The String Quartet No. 11 in F Minor, Op. 95, which Beethoven himself gave the title “Serioso,” is more idiosyncratic and introspective than his earlier works. The opening gesture of the first movement (Allegro con brio) is followed four bars later by the same theme moved up one half-step and set into a major key. Melodic sections throughout the movement are periodically interrupted with sharp forte exclamations. There is very little transitional material, and the final cadence is extremely brief by Beethoven’s standards.

The second movement (Allegretto ma non troppo) starts with a descending scale motif by the solo cello that returns several times throughout the movement. After a melodic section, the viola introduces a fugue on a chromatic theme. The earlier melodic section returns and is further developed, but the cadence is merely a brief respite, followed immediately by a diminished chord that drives us forward into the next movement with the indication attacca, i.e., to continue to the next movement without pause.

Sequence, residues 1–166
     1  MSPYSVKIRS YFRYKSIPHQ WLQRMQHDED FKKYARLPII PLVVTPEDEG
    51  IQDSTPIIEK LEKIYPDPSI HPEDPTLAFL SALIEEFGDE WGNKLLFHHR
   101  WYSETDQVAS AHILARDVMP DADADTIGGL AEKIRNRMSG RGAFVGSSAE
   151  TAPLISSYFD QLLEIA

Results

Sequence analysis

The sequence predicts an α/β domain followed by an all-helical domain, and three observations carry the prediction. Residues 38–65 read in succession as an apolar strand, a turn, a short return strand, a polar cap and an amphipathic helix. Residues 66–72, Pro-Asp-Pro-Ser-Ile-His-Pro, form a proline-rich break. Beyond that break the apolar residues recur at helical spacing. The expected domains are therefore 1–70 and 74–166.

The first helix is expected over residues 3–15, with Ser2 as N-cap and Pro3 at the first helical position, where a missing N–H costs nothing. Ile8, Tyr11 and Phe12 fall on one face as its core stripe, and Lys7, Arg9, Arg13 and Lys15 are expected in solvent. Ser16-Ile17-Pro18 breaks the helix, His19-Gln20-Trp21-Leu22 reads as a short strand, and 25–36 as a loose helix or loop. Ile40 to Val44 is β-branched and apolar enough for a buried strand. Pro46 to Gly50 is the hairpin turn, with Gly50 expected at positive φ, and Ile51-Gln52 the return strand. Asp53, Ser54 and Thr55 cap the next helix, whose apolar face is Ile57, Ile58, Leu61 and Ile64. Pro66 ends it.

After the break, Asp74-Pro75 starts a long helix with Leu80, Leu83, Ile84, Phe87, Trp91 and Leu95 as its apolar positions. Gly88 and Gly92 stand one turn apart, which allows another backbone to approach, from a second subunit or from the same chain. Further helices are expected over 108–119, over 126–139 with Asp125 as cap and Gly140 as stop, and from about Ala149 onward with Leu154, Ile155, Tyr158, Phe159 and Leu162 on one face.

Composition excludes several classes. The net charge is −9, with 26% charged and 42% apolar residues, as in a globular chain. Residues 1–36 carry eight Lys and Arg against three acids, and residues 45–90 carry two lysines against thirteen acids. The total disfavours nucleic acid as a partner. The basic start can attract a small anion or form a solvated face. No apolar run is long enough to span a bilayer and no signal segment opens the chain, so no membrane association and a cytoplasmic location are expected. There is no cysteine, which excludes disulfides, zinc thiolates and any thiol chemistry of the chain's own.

The third movement (Allegro assai vivace ma serioso—Fairly lively but serious) gives the quartet its name. The stormy sections start here, with dotted rhythms and chords cut short. The contrasting B section has a fluid melody that is played by different instruments in turn. Instead of ABA (scherzo-trio-scherzo), Beethoven makes the pattern ABABA. The battle between dark and light moods requires more than just one confrontation.

The final movement starts with a slow introduction (Larghetto espressivo) followed immediately by a fast, tense section (Allegretto agitato). The same isolated notes and abruptly stopped chords here take on a light, dancing feeling. The cadence changes the key from F minor to F major, and the coda gives us even faster runs and dramatic crescendos before racing to the loud, bright finish.

Krzysztof Penderecki (pronounced pen-der-ET-skee) is a renowned Polish composer and conductor. He has taught at Yale, at the Berlin Academy, and at the Academy of Music in Kraków. His most famous composition is an oratorio, the St. Luke Passion. Although avant-garde purists found this work troublesome—it is atonal throughout, but it ends on a triumphant major chord—the piece has proven extremely popular with the general public. Penderecki’s early works were highly experimental—one piece is scored for two orchestras tuned a semitone apart—but more recently he has incorporated more standard musical ideas into his compositions.